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Carbon Footprints of Cryptocurrencies

  Feb 16, 2022

Carbon Footprints of Cryptocurrencies

Q Why is it in News ?

A Bitcoin prices are rising these days and so will be its mining. As cryptocurrency will become mainstream, its carbon footprint cannot be ignored.

Q What are Cryptocurrencies?

A The 2019 Cryptocurrency Bill defined cryptocurrency as any information, code, number or token, generated through cryptographic means or otherwise, which has a digital representation of value and has utility in business activity, or acts as a store of value or a unit of account. According to professionals a system must need these six points to be called a cryptocurrency system:

  • The system does not require a central authority; its state is maintained through distributed consensus.
  • The system keeps an overview of cryptocurrency units and their ownership.
  • The system defines whether new cryptocurrency units can be created. If new cryptocurrency units can be created, the system defines the circumstances of their origin and how to determine the ownership of these new units.
  • Ownership of cryptocurrency units can be proved exclusively cryptographically.
  • The system allows transactions to be performed in which ownership of the cryptographic units is changed. A transaction statement can only be issued by an entity proving the current ownership of these units.
  • If two different instructions for changing the ownership of the same cryptographic units are simultaneously entered, the system performs at most one of them.

Q How big is Global crypto market ?

  • In 2019, the global cryptocurrency market was approximately $793 million.
  • It’s now expected to reach nearly $5.2 billion by 2026, according to a report by the market research organization Facts and Factors.
  • In just one year—between July 2020 and June 2021—the global adoption of cryptocurrency surged by more than 880 percent.

Q What are Carbon footprints of Bitcoins ?

  • Increasing popularity of cryptocurrency has environmentalists on edge, as the digital “mining” of it creates a massive carbon footprint due to the staggering amount of energy it requires.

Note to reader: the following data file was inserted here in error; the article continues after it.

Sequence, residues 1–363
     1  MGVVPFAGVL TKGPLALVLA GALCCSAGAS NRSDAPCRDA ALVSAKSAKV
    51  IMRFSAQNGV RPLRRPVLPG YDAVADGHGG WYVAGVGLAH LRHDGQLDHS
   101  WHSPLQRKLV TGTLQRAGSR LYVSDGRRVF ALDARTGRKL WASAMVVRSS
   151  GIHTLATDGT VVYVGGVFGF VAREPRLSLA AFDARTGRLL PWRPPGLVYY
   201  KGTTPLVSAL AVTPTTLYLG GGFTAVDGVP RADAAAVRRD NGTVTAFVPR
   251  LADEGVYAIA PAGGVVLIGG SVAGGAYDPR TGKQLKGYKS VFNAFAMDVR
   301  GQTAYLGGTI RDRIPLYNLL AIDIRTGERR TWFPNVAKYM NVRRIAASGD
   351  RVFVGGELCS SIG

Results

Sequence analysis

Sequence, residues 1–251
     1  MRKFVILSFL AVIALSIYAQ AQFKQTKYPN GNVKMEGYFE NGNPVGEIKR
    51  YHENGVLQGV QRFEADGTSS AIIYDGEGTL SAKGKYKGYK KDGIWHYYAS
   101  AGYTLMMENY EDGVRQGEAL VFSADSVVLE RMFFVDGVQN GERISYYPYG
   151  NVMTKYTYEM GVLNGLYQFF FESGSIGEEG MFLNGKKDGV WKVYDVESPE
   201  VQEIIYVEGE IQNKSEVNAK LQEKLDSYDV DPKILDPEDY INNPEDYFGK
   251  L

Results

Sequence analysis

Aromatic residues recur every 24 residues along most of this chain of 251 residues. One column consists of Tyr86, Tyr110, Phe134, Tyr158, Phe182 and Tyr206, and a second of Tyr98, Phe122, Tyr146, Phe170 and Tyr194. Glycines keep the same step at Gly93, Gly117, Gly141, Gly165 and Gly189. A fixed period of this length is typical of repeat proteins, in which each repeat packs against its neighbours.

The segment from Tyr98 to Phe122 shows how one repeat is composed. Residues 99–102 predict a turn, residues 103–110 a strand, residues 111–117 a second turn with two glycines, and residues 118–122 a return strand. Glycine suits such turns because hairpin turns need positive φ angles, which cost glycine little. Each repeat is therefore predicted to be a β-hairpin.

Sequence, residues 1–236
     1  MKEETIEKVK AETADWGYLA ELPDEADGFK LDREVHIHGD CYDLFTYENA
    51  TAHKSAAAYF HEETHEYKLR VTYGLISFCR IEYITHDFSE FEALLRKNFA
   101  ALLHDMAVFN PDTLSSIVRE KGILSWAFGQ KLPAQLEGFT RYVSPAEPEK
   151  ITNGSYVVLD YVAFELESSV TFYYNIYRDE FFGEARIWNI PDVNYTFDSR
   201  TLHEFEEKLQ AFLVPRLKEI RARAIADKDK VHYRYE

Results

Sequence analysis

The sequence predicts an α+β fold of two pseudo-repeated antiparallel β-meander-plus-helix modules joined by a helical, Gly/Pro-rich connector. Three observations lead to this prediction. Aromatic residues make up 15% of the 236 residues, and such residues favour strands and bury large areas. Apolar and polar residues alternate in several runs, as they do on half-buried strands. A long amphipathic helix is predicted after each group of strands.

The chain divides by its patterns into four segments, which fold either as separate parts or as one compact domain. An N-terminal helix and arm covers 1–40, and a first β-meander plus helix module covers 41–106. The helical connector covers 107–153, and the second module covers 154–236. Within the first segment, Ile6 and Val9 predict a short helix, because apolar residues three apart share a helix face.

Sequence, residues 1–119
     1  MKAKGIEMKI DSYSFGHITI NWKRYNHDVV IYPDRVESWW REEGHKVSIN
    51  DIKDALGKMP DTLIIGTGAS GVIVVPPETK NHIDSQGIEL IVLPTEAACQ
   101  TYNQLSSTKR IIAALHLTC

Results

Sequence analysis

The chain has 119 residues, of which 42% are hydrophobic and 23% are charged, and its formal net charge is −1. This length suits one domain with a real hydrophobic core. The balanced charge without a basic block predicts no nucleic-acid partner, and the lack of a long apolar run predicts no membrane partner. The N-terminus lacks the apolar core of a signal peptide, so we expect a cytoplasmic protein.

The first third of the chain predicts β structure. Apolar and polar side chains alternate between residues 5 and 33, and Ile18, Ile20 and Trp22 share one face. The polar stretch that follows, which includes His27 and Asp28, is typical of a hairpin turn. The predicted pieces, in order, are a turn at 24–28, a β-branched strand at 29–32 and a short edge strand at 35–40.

• A/c to the Bitcoin Energy Consumption Index, the carbon footprint of Bitcoin is equivalent to that of New Zealand.
  • Both emit nearly 37 megatons of carbon dioxide into the atmosphere every year.

Q What is Mining?

  • Mining is a process in which computational puzzles are solved in order to verify transactions between users, which are then added to the blockchain.
  • In simpler terms, the works are created, or “minted,” through a process called proof-of-work (PoW), which establishes its unique identity.

Q How do cryptocurrencies create such a footprint?

  • Unlike mainstream traditional currencies, bitcoin is virtual and not made from paper or plastic, or even metal.
  • Bitcoin is virtual but power-hungry as it is created using high-powered computers around the globe.
  • Bitcoin is created when high-powered computers compete against other machines to solve complex mathematical puzzles.
  • This is an energy-intensive process that often relies on fossil fuels, particularly coal, the dirtiest of them all.

Q What is the conclusion ?

  • What this means is that, unlike traditional currency or gold, Bitcoin is not solely a settlement layer, not solely a store of value, and not solely a medium of exchange.
  • This makes Bitcoin’s relative energy consumption productive in comparison to comparative sectors, given its robust potential uses.
  • The promise of such an endeavor offers hope for a more sustainable cryptocurrency future.
  • Whether this will make much difference to the climate crisis in light of government and industrial inaction remains to be seen.